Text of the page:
• Lung: shortness of breath, wheezing, repetitive cough
  • Heart: pale, blue, faint, weak pulse, dizzy
  • Throat: tight, hoarse, trouble breathing/swallowing
  • Mouth: significant swelling of the tongue or lips
  • Skin: many hives over body, widespread redness, swelling of face
  • Gut: repetitive vomiting or severe diarrhea
  • Psychological: feeling something bad is about to happen, anxiety, confusion.

10 Most Common Food Allergies


For adults: fish, shellfish, peanuts, and tree nuts
For children: eggs, milk, peanuts, tree nuts, soy, and wheat



1. Milk

It’s one of the most common allergies for babies and toddlers, especially when they have been exposed to cow’s milk protein before they are 6 months old. However, around 90% of children will outgrow it by 3 years old, making it much less common in adults.

Be aware of many processed foods since they often contain cow’s milk. The only treatment is to avoid cow’s milk and foods.

Many people make a mistake with a milk allergy for lactose intolerance since many of the symptoms are similar. See an allergist to determine the difference.

A cow’s milk allergy can occur in both IgE and non-IgE forms, but IgE cow milk allergies are the most common and potentially the most serious.

Children or adults with an IgE allergy tend to have a reaction within 5–30 minutes of ingesting cow’s milk. They experience symptoms like swelling, rashes, hives, vomiting and, in rare cases, anaphylaxis.

A non-IgE allergy usually has more gut-based symptoms like vomiting, constipation or diarrhea, as well as inflammation of the gut wall. It can be quite difficult to diagnose because the symptoms sometimes can suggest an intolerance and there is no blood test for it.

Breastfeeding mothers of babies with an allergy may also have to remove cow’s milk and foods that contain it from their own diets.



Milk and milk products that contain:

  • Milk (in all forms: condensed, derivative, dry, evaporated, goat’s milk and milk from other animals, low-fat, malted, milkfat, non-fat, powder, protein, skimmed, solids, whole)
  • Milk protein hydrolysate
  • Buttermilk
  • Butter, butter fat, butter oil, butter acid, butter ester(s)
  • Casein, Casein hydrolysate, Rennet casein, Caseinates (in all forms)
  • Cheese
  • Cream
  • Curds
  • Custard
  • Diacetyl
  • Ghee
  • Half-and-half
  • Ice cream
  • Lactalbumin, lactalbumin phosphate
  • Lactoferrin
  • Lactose
  • Lactulose
  • Margarine
  • Pudding
  • Recaldent(R)
  • Sour cream, sour cream solids
  • Tagatose
  • Whey (in all forms)
  • Whey protein hydrolysate
  • Yogurt



Other possible milk sources:

  • Artificial butter flavor
  • Baked goods
  • Caramel candies
  • Chocolate
  • Lactic acid starter culture and other bacterial cultures
  • Luncheon meat, hot dogs and sausages, which may use the milk protein casein as a binder. Also, deli meat slicers are often used for both meat and cheese products, leading to cross-contact.
  • Margarine
  • Nisin
  • Non-dairy products, as many contain casein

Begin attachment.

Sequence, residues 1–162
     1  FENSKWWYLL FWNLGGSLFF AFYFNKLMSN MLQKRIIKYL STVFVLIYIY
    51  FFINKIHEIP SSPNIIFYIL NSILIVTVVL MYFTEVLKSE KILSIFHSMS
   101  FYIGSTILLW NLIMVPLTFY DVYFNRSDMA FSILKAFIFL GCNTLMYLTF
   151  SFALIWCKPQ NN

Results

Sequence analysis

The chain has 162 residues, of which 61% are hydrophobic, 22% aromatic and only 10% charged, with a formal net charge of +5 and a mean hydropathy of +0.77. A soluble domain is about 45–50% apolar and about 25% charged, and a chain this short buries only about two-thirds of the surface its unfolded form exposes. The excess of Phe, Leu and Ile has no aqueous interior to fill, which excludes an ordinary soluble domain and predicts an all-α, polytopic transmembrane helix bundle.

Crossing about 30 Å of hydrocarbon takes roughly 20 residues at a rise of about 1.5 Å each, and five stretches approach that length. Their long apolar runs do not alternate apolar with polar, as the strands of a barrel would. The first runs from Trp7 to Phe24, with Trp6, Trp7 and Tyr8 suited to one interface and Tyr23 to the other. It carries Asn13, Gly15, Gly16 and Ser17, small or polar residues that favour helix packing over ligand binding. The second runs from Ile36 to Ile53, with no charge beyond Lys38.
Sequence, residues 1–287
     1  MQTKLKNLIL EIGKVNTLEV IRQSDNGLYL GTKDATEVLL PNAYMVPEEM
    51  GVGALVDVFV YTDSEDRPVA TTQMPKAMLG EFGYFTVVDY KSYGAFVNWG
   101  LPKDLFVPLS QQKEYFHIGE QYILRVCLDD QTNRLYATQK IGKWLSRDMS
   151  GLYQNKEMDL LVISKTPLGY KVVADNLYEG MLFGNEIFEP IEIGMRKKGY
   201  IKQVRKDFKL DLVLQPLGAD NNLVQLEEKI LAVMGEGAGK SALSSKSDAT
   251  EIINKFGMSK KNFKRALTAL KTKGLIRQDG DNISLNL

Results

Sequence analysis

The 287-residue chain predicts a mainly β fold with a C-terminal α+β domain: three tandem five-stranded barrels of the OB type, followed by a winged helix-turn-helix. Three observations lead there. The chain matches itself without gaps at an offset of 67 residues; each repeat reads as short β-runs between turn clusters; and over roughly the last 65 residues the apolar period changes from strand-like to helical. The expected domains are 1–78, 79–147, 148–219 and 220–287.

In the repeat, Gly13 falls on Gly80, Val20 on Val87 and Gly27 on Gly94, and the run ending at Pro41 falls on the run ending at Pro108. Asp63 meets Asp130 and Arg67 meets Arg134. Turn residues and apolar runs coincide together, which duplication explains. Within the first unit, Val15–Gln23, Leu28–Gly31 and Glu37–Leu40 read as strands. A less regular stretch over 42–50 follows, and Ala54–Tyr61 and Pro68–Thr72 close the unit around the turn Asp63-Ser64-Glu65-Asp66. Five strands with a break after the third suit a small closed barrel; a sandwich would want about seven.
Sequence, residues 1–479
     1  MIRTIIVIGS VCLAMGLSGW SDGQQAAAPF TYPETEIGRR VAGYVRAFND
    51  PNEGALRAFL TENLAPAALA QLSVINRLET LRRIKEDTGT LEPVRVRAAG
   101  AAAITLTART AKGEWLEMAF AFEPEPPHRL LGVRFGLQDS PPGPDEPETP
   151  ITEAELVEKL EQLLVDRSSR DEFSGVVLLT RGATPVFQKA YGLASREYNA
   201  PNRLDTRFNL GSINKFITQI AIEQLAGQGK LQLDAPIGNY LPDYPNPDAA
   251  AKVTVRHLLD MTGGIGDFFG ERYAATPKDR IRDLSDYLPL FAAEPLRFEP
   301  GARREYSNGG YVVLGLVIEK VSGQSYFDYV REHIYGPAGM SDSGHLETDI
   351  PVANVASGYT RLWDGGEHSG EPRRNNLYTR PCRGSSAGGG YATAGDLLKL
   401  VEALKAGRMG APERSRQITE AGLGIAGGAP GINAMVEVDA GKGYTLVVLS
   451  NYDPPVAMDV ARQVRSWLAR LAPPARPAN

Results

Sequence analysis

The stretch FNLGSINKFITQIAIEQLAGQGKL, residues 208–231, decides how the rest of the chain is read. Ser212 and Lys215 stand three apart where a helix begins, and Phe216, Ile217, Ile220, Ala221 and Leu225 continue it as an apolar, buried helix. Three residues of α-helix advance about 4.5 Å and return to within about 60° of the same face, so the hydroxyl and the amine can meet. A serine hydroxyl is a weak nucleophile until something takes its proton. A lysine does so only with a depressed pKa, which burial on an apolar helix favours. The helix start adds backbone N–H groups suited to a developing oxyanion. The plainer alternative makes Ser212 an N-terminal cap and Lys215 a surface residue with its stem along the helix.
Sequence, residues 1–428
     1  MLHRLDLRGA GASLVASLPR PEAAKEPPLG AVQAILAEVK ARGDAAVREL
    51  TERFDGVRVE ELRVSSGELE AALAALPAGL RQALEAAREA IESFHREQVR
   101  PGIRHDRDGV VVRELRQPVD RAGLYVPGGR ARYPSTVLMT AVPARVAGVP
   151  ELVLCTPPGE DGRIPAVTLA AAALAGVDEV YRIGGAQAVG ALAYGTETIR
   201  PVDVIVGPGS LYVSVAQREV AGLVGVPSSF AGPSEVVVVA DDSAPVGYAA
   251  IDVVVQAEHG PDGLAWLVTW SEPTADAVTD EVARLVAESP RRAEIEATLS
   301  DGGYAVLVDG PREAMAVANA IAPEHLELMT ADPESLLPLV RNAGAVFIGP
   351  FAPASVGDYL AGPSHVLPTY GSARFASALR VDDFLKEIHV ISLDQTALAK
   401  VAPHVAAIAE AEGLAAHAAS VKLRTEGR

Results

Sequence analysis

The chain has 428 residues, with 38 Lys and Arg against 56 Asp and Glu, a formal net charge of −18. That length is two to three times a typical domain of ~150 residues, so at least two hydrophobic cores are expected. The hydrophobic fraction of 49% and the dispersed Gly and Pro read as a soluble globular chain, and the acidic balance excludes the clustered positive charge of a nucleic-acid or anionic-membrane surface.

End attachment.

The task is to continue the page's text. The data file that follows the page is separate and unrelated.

• Nougat
  • Shellfish is sometimes dipped in milk to reduce the fishy odor. Ask questions when buying shellfish.
  • Tuna fish, as some brands contain casein
  • Some specialty products made with milk substitutes: soy-, nut- or rice-based dairy products) are manufactured on equipment shared with milk.
  • Many restaurants put butter on grilled steaks to add extra flavor. You can’t see the butter after it melts.
  • Some medications contain milk protein.



Milk in Kosher Foods

Kosher Dairy: “D” or the word “dairy” following the circled K or U on a product label means the product contains or is contaminated with milk protein. Avoid these products if you have a milk allergy.

Kosher Pareve: A food product labeled “pareve” is considered milk-free under kosher dietary law. However, a product may be considered pareve even if it contains a very small amount of milk protein—possibly enough to cause an allergic reaction in certain people. Don’t assume that these products will always be safe. 



Ingredients don’t contain milk protein and are safe to eat:

  • Calcium lactate
  • Calcium stearoyl lactylate
  • Cocoa butter
  • Cream of tartar
  • Lactic acid (however, lactic acid starter culture may contain milk)
  • Oleoresin
  • Sodium lactate
  • Sodium stearoyl lactylate


Substitute: It’s best to follow an allergist’s advice. Oat milk is a great option since you can avoid both soy and nuts that are common allergy sources. Be careful of soy milk since soy allergies are common.


2. Eggs

An egg allergy is the second most common cause of food allergy in children. However, 68% of children with an egg allergy will outgrow it by the age of 16.

Interestingly, it’s possible to be allergic to egg whites, but not the yolks, and vice versa. However, egg white allergy is more common.

However, heating eggs can change the shape of the allergy-causing proteins, so some of you might not need to avoid all egg-related foods. In fact, one study found that around 70% of children with an egg allergy could tolerate eating biscuits or cakes with eggs. Some studies have also shown that introducing baked goods to children with an egg allergy can shorten the time it takes for them to outgrow the condition. Nevertheless, this isn’t the case for everybody, and the consequences of ingesting eggs when you are allergic to them can be severe. Check with your doctor first.

There is no cure or treatment for an egg allergy, though you can be regularly tested to see if your tolerance changes. Like other allergies, the treatment for an egg allergy is an egg-free diet.

Eggs are not always listed as “egg” on labels, so watch out for the terms: albumin, globulin, lecithin, livetin, lysozyme, words with “ova” and “ovo” as prefixes, silici albuminate, simplesse, and vitellin. These all imply that egg protein is present. These can even be in shampoo or other cosmetic products!

Substitute: Avoiding eggs while eating out can be tough, but egg-free cooking at home isn’t. Replace with cornstarch, flaxseed oil and tofu.